The recent rise in homicides around the U.S. is more nuanced than it appears, says a new report from the Brookings Institution. Rather than a widespread dispersal of gun violence, the increases in gun homicides are largely concentrated in disinvested and structurally disadvantaged neighborhoods that had high rates of gun violence to begin with. This geographic concentration is a persistent challenge, not a new one—and it requires targeted solutions to improve outcomes in disinvested places rather than reverting to the old “tough on crime” playbook, Brookings argues. Its paper takes a deeper look at patterns of gun violence in four cities—Chicago; Nashville, Kansas City and Baltimore—finding that each city’s gun homicide increases were driven predominantly by increases in neighborhoods where gun violence "has long been a persistent fixture of daily life, alongside systemic disinvestment, segregation, and economic inequality."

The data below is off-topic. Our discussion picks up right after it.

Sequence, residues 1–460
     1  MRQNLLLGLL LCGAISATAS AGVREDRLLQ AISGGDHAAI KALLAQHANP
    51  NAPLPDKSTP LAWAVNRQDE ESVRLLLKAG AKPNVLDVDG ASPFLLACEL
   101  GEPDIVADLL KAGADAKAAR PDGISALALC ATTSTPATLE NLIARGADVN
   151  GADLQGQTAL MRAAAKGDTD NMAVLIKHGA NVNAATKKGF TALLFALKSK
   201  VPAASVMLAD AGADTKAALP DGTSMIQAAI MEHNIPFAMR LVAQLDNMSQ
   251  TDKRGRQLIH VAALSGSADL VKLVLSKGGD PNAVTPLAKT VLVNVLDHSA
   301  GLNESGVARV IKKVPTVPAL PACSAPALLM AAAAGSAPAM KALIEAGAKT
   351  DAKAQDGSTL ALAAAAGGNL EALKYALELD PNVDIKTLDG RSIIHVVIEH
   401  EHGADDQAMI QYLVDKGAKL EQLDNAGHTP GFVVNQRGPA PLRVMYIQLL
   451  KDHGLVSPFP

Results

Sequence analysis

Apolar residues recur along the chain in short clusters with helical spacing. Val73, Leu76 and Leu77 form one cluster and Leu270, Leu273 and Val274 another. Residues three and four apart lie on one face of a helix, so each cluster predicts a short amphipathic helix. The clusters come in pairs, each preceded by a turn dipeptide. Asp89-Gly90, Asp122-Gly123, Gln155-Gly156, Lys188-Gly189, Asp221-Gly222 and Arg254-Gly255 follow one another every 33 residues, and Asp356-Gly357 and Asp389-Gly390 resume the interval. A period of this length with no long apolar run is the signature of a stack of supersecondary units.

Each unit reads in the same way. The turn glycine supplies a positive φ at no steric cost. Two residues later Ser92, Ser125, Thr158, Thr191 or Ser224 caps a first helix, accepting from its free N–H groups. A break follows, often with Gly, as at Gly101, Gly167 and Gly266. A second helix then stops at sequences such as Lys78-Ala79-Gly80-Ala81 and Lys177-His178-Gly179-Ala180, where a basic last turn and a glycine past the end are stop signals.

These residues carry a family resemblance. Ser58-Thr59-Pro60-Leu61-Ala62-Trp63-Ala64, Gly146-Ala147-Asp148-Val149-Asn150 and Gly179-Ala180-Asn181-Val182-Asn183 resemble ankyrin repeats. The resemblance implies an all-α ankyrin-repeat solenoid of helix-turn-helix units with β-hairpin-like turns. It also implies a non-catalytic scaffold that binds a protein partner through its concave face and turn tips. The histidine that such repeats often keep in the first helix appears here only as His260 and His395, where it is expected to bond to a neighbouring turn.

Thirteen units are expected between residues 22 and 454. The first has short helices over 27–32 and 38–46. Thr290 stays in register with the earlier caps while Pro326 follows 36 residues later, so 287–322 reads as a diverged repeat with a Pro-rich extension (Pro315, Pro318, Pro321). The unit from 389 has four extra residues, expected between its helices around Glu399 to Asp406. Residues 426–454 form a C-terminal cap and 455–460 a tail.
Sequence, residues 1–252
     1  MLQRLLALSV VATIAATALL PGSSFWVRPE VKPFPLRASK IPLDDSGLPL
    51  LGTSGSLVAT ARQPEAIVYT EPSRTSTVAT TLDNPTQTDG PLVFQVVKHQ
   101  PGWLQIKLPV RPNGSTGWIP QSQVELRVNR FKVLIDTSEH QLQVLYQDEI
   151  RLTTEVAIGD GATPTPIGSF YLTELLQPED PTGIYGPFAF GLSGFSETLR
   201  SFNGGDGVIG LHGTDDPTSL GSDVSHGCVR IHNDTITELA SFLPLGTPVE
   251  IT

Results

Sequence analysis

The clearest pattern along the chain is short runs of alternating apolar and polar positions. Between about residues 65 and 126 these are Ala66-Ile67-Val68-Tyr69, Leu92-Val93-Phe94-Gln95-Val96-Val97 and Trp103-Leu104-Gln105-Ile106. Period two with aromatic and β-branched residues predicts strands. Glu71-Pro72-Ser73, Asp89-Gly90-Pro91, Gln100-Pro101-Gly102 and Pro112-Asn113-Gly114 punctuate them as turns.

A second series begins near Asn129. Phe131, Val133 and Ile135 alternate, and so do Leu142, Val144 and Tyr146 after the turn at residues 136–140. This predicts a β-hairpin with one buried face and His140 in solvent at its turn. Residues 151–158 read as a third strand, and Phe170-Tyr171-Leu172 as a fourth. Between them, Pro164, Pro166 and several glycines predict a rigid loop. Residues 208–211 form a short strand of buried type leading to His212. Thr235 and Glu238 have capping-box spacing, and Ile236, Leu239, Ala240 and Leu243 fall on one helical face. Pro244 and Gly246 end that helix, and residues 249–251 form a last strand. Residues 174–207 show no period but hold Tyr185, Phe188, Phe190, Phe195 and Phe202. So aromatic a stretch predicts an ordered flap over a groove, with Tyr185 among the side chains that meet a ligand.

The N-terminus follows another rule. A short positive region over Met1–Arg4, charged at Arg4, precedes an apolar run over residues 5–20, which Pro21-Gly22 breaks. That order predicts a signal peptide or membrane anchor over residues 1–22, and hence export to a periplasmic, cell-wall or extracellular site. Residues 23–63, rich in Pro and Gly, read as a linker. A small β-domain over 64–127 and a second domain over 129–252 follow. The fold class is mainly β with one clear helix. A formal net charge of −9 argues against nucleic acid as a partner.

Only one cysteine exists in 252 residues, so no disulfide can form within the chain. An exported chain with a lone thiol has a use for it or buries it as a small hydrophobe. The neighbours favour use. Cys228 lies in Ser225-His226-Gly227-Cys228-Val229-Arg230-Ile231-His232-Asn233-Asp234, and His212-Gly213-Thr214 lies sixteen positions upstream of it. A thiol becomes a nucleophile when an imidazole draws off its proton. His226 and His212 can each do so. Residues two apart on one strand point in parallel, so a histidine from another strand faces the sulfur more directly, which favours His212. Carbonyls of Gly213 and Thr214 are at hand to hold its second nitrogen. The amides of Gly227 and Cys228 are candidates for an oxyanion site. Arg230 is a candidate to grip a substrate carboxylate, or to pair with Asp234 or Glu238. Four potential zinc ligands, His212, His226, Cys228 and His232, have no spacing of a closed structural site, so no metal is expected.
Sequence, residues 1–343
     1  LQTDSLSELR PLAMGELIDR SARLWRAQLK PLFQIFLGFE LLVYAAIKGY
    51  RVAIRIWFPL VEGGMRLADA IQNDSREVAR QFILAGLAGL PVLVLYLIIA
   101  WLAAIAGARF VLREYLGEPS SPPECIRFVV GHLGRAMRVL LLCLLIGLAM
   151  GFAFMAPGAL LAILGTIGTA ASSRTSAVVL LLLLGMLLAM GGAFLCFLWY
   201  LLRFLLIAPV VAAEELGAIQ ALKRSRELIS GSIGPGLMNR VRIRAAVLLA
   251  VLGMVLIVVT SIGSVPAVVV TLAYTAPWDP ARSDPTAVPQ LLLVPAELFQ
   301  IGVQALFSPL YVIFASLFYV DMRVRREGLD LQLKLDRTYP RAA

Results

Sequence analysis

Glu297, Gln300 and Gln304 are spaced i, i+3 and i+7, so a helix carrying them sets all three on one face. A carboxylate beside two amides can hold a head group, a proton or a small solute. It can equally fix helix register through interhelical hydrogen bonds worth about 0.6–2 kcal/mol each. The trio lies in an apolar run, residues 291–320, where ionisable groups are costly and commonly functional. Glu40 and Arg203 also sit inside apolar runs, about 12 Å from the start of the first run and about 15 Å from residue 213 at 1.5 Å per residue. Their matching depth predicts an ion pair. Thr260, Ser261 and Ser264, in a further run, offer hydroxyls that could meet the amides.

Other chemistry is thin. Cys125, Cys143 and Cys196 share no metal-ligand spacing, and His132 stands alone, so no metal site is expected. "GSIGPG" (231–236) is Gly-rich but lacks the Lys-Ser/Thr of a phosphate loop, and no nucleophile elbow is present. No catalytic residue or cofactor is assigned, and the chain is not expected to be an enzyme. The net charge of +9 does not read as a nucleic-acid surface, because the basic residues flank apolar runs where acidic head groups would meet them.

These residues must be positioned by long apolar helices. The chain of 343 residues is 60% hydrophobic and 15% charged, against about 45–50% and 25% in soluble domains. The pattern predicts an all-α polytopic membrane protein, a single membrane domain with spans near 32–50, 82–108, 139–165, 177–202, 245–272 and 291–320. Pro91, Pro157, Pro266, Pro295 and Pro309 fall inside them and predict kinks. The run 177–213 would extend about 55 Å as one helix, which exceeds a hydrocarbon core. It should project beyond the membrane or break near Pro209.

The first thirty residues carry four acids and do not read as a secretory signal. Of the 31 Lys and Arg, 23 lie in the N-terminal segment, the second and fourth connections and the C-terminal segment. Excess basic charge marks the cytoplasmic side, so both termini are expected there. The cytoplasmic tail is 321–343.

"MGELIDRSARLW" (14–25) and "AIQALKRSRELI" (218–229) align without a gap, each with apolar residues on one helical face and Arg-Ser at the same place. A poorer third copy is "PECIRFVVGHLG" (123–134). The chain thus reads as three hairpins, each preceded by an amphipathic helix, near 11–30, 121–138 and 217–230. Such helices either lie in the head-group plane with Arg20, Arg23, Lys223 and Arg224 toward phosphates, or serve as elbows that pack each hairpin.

These patterns point to the need to address the place-based factors that influence violence and invest in the critical community infrastructure that has not only been proved to make communities safer, but can also help them thrive. Between 2019 and 2020, while homicides rose nearly 30 percent, overall crime rates declined by five percent. This divergence matters because homicides and crime usually rise or decline together and, homicides require different kinds of interventions than other crimes. Unlike the last major uptick of homicides in 2015, which was heavily concentrated in a small set of big cities, including Baltimore, Chicago, and Washington, D.C, the recent rise is more widespread, affecting small and large cities and blue and red cities and states alike.